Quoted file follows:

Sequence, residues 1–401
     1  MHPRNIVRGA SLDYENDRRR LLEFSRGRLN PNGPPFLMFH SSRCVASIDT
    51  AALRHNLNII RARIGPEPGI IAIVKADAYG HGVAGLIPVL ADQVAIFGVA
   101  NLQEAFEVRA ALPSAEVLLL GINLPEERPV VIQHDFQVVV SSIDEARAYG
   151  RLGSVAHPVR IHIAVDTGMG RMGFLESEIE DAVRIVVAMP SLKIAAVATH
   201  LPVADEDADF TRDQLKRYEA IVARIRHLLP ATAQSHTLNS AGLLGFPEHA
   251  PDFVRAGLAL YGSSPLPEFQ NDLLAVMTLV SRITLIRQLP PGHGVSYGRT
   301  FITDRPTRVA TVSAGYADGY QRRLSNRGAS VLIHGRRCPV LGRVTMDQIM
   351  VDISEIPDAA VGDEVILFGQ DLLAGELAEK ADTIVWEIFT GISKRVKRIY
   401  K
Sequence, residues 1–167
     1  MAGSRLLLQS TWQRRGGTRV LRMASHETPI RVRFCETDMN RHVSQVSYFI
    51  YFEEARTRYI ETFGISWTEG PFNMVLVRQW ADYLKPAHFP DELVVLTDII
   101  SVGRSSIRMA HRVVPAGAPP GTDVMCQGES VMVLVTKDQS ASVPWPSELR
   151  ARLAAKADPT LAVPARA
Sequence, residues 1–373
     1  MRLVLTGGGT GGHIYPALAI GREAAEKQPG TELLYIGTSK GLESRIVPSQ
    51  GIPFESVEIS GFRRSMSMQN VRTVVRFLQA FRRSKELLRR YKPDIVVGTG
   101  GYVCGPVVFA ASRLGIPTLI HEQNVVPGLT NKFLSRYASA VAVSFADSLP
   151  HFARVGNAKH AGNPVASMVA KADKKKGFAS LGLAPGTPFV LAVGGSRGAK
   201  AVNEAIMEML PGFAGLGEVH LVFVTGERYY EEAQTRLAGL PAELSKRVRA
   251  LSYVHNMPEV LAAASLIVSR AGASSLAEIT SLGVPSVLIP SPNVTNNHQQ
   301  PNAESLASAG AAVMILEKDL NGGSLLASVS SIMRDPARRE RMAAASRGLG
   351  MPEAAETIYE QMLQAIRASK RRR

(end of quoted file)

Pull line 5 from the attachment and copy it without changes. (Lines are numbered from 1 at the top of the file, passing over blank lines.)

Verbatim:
   151  RLGSVAHPVR IHIAVDTGMG RMGFLESEIE DAVRIVVAMP SLKIAAVATH